With respect to the position in Singapore, the CFI found that BDG v BDH [2016] 5 SLR 977 (“BDG“) also adopted the Salford approach, which was consistent with decisions in Singapore granting a stay of proceedings in favour of arbitration. However, while the Singapore court held in BDG that it was not concerned with the strength of the company’s defence, it was necessary for the company to demonstrate that there is a prima facie dispute, and that there is prima facie compliance with the dispute resolution clause.

The CFI’s analysis

Comparing the different approaches taken by the Hong Kong authorities and the more recent ones in England and Singapore, the CFI concluded that the proper nature of a winding-up petition is for a creditor to recover its debt, rather than out of “some altruistic concern for the creditors of the company generally” as it would be “the most efficacious method of obtaining payment“.  The CFI noted that requiring a creditor to arbitrate a dispute without first determining whether the company has a bona fide defence on substantial grounds would, in fact, be holding a creditor to his contractual bargain – namely, to resolve any dispute by arbitration.  The CFI found comfort in the fact that doing so would not deprive a creditor of an advantage that it has under the existing authorities, as there are circumstances in which a creditor whose debt is disputed would be justified in issuing a petition before an arbitration had been concluded.  By way of an example, if a creditor can demonstrate a prima facie case for a winding up and a risk of misappropriation of assets or some other matter, a petition could be issued and stayed other than for applications relevant to the provisional liquidation pending determination of the arbitration.

Based on the foregoing, the CFI decided to depart from the previous approach in Hong Kong and held that a winding-up petition should generally be dismissed if: (a) a company disputes the debt relied on by the winding-up petitioner; (b) the contract under which the debt is alleged to arise contains an arbitration clause that covers any dispute relating to the debt; and (c) the company takes the steps required under the arbitration clause to commence the contractually mandated dispute resolution process and files an affirmation in accordance with Rule 32 of the Companies (Winding Up) Rules (Cap 32H) demonstrating this.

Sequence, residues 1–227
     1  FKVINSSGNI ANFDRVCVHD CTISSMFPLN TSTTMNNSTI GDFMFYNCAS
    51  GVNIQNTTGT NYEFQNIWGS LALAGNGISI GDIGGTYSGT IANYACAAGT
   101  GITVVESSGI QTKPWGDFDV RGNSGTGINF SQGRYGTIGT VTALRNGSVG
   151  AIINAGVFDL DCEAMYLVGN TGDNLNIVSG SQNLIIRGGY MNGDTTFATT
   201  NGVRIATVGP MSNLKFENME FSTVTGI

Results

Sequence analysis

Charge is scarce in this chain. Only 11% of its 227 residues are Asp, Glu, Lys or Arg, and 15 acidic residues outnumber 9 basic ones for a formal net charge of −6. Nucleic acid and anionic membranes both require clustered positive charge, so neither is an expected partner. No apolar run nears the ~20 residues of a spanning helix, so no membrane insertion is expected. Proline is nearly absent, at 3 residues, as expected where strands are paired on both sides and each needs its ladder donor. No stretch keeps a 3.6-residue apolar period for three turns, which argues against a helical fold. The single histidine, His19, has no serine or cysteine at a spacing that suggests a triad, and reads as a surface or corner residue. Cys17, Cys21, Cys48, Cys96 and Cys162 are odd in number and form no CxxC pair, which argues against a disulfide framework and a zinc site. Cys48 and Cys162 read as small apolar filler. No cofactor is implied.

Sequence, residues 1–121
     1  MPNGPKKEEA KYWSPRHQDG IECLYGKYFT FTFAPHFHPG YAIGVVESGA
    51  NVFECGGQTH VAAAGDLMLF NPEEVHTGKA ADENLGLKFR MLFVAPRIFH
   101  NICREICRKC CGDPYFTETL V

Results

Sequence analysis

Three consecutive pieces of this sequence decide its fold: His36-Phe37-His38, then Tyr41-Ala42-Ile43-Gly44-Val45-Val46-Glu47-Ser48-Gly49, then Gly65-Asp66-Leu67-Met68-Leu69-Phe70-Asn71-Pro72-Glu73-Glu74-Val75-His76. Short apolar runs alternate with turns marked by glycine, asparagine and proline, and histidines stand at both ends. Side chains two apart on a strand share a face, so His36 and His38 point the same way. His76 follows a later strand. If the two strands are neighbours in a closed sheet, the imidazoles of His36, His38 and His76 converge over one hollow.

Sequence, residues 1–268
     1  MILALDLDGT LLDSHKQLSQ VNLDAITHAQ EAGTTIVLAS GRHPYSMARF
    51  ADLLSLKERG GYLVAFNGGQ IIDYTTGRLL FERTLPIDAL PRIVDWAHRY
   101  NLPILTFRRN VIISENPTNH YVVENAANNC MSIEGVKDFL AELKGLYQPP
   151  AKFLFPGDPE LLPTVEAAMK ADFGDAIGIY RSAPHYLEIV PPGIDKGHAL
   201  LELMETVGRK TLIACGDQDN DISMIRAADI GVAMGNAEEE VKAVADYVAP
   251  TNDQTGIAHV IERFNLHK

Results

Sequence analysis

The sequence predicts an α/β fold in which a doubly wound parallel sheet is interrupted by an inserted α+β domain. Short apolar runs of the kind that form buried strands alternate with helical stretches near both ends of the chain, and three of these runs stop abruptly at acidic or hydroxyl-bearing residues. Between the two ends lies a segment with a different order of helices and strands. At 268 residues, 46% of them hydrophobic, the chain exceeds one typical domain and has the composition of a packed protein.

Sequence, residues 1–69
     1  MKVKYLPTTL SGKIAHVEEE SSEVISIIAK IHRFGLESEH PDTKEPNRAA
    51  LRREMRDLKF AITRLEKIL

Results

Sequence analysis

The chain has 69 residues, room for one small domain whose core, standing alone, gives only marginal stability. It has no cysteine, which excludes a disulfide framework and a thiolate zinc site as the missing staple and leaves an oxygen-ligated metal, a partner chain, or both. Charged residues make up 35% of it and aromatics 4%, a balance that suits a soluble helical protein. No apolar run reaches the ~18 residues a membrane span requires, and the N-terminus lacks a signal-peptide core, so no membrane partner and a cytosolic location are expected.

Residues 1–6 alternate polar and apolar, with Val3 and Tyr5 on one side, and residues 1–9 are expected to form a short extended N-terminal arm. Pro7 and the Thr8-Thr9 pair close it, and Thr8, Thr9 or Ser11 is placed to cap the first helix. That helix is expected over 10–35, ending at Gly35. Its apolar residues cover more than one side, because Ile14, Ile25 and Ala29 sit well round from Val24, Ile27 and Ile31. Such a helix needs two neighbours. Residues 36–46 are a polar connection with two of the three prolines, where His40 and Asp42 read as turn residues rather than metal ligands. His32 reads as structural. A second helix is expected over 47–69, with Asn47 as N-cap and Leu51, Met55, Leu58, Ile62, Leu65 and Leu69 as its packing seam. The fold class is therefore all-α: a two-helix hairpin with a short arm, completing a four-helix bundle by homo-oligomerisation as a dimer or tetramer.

Applying the new test to the present case, since the Company disputed the Debt and required the dispute to be resolved in accordance with the arbitration clause in the Agreement, the CFI found that Lasmos’ petition should be dismissed.  In any event, the CFI found that it would have dismissed the petition since it was arguable on the facts that the parties’ discussions fell short of arriving at a binding agreement on fees resulting in the claim for a liquidated debt, i.e. there was a bona fide dispute on substantial grounds.

Conclusion

This case is significant for both creditors and debtors, in that a winding-up petition may now be dismissed based on the existence of an arbitration clause in an agreement giving rise to the debt relied on for the petition.  Previously, companies must positively establish that there is a “bona fide dispute on substantial grounds” in order to dismiss such petition.  The present position represents a lower threshold in dismissing a winding-up petition.  However, the Hong Kong courts have upheld the contractual bargain of the parties to arbitrate in dismissing a winding-up petition.

This case is a welcomed decision; it confirms the Hong Kong courts’ pro-arbitration stance, as well as bringing Hong Kong in line with the contemporary jurisprudence in England and Singapore.  In the eyes of the creditors, however, this case serves as a potential roadblock to winding up a company if there is a liquidated debt and the agreement giving rise to the debt contains an arbitration clause.  Creditors must now take into account additional factors when pursuing a winding-up petition, such as the possible costs associated with an arbitration in settling a debt dispute.